follow the money

Right in the middle of the street was a man literally chasing a 500 naira note. Fortunately the street wasn’t too busy at the time, and the oncoming pickup truck found it sufficiently amusing to halt and allow the man finally grab hold of the note. There he was with the slight wind playing havoc with the man’s timing such that he had to bend-scramble after the note. Quite a few people stood still to watch too.
Here is a suggestion for anyone that suddenly gets an urge to overspeed on Nigerian roads: go for a holiday in Germany and “do” the Autobahn. Floor your engine all out, let it scream, work out the desire from your system in a “safe” environment, then come back home and do 100KM/h on a regular day and 120KM/h if the roads are really free (and that once in a while)
Nigerian roads are not meant for speeding – our natural method of controlling speeding on our roads is to allow boreholes and ditches to develop over time. We then encourage huge trucks, tankers to help “maintain” and “enhance” the “speed controls”. Like all good things taken to excess, the side-effect of too many too large potholes are the numerous daily accidents that happen on our roads. The PIP (people-in-power) are of course not bothered about the human casualty – afterall, what’s the loss of a couple of hundred anonymous people in a population of (according to the immediate past president) 160 million give or take 10million?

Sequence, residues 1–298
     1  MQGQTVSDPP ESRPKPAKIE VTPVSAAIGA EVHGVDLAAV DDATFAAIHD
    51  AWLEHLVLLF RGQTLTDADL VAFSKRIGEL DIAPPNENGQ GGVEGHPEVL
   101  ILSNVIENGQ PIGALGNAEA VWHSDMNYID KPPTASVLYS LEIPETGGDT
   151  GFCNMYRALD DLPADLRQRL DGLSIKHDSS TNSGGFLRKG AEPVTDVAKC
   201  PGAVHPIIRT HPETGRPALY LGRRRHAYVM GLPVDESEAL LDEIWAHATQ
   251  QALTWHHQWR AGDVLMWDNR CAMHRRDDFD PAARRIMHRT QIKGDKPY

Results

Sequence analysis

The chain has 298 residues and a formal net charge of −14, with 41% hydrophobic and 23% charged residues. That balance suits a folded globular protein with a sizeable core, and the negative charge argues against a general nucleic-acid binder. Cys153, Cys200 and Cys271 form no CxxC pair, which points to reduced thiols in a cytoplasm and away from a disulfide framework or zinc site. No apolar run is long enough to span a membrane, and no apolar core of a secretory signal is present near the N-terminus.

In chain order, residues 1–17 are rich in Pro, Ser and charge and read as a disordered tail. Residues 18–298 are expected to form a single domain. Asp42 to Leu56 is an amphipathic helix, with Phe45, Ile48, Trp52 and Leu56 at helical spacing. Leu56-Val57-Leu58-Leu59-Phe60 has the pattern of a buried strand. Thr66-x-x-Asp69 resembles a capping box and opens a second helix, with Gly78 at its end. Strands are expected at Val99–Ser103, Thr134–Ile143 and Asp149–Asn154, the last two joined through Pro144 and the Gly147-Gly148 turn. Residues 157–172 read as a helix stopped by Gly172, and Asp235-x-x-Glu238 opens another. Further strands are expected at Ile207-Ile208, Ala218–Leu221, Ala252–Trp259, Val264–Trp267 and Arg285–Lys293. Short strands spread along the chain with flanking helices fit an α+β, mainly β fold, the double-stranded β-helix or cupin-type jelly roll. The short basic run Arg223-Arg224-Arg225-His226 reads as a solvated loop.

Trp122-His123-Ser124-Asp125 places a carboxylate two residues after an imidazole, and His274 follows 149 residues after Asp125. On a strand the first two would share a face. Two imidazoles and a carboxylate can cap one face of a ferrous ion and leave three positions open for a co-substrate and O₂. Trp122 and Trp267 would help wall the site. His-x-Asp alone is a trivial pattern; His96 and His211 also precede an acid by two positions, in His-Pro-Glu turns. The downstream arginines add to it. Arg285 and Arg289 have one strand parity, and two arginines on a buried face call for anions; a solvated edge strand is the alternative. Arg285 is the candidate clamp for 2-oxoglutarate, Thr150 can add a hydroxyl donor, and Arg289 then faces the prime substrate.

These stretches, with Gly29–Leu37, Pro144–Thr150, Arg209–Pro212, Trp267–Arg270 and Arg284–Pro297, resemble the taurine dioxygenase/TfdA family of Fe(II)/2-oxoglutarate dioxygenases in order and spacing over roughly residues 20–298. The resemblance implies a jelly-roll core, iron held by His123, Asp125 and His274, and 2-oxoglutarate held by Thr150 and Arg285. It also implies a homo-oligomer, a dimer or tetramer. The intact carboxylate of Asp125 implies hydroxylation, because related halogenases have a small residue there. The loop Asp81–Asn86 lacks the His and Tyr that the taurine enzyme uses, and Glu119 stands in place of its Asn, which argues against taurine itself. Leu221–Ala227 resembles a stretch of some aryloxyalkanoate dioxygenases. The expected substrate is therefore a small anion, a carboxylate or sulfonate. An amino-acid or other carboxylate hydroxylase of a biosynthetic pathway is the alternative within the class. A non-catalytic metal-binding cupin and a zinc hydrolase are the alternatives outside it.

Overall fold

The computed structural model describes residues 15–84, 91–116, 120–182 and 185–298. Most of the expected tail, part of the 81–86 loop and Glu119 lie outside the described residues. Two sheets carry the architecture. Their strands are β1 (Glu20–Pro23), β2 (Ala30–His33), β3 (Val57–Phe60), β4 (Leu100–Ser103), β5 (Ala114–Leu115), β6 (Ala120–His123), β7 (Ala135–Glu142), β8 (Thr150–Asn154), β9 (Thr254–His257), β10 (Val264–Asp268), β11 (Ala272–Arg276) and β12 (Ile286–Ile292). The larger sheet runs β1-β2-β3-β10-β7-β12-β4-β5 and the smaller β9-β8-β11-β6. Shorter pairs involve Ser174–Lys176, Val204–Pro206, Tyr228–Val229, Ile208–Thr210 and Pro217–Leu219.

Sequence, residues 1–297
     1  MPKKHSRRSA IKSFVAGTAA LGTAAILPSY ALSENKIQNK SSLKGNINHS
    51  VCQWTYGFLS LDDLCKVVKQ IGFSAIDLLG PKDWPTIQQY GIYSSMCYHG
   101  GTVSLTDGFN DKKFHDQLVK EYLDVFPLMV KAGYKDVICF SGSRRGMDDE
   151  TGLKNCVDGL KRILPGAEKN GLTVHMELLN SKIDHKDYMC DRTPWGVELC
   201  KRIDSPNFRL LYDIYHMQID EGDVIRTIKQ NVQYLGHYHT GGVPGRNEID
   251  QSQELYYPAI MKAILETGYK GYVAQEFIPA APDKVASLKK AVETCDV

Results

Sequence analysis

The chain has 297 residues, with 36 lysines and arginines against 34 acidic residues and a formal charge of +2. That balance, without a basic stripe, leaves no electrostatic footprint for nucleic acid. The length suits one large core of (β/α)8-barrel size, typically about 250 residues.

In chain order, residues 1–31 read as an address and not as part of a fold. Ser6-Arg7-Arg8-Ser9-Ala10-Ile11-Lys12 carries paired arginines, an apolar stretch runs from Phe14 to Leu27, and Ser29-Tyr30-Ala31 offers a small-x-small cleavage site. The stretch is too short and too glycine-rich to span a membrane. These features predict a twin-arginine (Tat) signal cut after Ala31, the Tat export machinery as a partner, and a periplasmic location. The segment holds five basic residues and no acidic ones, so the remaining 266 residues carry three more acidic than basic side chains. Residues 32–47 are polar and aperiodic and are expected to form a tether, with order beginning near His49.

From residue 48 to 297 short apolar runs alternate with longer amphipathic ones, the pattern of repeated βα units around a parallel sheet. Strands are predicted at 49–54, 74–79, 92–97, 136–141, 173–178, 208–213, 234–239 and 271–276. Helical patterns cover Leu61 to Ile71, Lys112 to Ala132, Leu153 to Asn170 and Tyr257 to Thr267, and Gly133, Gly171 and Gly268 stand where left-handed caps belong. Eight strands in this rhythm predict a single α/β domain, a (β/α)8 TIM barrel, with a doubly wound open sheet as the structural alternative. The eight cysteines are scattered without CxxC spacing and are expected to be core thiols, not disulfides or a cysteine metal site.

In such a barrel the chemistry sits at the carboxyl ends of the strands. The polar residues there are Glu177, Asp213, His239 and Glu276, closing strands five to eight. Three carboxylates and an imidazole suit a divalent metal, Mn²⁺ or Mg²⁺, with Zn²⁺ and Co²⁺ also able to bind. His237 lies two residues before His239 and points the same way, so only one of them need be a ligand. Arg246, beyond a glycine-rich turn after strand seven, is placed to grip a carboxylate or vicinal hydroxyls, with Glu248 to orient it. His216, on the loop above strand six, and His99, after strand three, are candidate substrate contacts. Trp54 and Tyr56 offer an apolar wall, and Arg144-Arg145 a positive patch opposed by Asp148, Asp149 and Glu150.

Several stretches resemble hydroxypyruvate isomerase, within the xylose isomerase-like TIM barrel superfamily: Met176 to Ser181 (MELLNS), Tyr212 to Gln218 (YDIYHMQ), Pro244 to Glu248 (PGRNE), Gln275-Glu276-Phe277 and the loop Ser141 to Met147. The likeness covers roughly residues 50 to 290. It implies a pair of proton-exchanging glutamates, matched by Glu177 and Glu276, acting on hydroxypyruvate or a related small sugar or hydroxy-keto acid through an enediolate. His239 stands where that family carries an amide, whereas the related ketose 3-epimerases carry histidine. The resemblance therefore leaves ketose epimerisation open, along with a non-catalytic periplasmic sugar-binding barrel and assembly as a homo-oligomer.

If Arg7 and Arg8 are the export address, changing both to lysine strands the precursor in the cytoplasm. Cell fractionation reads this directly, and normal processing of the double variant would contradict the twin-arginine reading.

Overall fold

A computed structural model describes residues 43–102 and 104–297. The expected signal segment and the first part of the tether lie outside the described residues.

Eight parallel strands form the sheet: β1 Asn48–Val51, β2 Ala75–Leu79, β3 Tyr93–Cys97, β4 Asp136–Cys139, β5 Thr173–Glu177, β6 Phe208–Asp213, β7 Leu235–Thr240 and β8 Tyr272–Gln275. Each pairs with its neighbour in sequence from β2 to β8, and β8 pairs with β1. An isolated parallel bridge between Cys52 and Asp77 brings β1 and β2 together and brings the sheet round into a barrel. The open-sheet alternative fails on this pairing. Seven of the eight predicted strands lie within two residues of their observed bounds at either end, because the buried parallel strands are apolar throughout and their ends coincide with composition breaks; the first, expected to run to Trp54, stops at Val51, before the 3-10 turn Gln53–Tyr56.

Chew (the curd) on that šŸ˜¦

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